“My uncle was an architect in Dallas and we got involved with a lot of projects in Austin. When he was responsible for working with Trammell Crowe, did a number of the hotels and everything we needed. So I watched a lot of that. So when it came down to get an architect for this project I got him to come up and help. And there were really three houses up here. And this is the only one that remained standing the church tore down, apartment, but that’s when the French teams and Joe Johnson wanted to redo a building. So we located the building for them. The old automobile store there for the atrium and Max came and Chapman and he was the architect, and did that building completely and we did the parking garage too. Incredible building, best office building in Wichita Falls. You still got the same tenants I put in there. Whenever that was. I see. We had Bill Clements as governor of Texas come in. So that was how I was hooked on historical properties and working with districts and things like that.”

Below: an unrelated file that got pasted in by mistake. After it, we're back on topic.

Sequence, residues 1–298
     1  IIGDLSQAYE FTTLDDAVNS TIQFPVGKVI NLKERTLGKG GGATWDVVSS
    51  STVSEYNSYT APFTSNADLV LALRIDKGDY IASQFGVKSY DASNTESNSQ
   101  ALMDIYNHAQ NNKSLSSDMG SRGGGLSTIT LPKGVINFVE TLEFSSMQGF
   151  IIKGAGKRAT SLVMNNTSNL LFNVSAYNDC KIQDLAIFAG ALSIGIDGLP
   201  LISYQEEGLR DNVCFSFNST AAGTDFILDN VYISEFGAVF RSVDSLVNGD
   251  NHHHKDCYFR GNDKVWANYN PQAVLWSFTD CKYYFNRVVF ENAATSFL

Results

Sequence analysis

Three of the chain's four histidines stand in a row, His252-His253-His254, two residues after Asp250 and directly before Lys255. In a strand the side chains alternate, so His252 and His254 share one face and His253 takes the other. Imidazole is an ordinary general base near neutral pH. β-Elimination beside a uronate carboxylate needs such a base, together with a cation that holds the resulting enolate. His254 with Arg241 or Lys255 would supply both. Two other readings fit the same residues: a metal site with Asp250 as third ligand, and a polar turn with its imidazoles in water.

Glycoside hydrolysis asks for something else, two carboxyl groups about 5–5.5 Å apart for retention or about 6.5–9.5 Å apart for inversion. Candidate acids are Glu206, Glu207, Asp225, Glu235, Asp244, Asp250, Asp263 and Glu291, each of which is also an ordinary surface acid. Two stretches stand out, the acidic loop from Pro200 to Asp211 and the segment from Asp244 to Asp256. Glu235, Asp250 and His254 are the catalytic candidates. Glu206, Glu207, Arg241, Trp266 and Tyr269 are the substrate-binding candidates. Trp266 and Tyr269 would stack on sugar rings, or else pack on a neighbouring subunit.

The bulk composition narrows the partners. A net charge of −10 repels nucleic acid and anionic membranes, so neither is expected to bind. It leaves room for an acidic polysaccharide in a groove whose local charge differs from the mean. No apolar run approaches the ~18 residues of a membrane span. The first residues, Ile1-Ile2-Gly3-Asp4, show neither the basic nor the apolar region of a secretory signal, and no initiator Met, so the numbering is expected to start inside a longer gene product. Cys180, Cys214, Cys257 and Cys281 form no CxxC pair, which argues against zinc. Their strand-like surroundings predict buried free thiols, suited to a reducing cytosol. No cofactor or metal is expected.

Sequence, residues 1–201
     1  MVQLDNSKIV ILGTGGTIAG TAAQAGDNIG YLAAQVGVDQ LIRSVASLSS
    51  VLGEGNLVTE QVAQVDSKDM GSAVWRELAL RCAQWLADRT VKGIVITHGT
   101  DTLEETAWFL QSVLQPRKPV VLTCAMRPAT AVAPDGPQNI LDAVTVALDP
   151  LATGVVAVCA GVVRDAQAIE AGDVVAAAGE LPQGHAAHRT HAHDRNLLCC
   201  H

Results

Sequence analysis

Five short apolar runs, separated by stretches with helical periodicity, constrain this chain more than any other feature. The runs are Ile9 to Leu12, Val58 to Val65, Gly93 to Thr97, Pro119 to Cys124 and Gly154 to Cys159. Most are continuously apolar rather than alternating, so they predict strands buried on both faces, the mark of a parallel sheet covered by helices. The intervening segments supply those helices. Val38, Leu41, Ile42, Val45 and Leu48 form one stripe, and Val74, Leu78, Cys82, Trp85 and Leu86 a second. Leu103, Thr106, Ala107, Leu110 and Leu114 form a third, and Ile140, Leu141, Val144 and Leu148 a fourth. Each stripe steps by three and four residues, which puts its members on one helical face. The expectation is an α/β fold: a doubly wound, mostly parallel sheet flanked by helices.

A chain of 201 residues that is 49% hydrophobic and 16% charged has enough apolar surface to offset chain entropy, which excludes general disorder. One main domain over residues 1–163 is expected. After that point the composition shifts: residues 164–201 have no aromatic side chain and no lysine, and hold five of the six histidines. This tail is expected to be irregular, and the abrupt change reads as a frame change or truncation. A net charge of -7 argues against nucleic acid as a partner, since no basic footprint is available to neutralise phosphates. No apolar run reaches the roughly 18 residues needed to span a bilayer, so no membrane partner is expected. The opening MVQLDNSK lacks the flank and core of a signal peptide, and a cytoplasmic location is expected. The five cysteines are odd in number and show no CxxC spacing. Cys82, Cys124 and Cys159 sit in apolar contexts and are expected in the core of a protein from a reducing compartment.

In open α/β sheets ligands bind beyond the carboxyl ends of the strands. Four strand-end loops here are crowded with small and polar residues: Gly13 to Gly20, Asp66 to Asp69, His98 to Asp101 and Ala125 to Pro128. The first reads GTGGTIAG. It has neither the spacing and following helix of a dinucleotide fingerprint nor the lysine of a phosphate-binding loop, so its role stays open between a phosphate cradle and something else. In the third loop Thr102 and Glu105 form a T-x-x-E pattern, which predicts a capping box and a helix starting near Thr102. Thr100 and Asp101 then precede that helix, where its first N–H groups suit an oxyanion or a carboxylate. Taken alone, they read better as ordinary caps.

“The amazing thing is the quality of construction back in the yesteryear. That example is this building right here, the preservation of the interior. You know in 1910 this was a row of houses overlooking downtown. And this was the who’s who, more or less the first country club area. And these were exceptional extraordinary houses, of course around the corner Frank Kell lived in the big house. But I think a good example is by using preservation restoration properties that are typically in grave location. You can use that property for something else. It may be residential and may convert it to a restaurant, it could be anything. An example when we did the Neon Spurred, it was built in 1920s Bonnie and Clyde and around down there. And we just fell in love with that building. It was small for what we were wanting to do but we couldn’t beat the traffic. All the horses and going across the street to MPEC and we said, well, It’s simple. All we do is beer and barbecueand that’s how Neon Spur came in and that was from an old grocery store, on Burnett Street.” – Andy Lee
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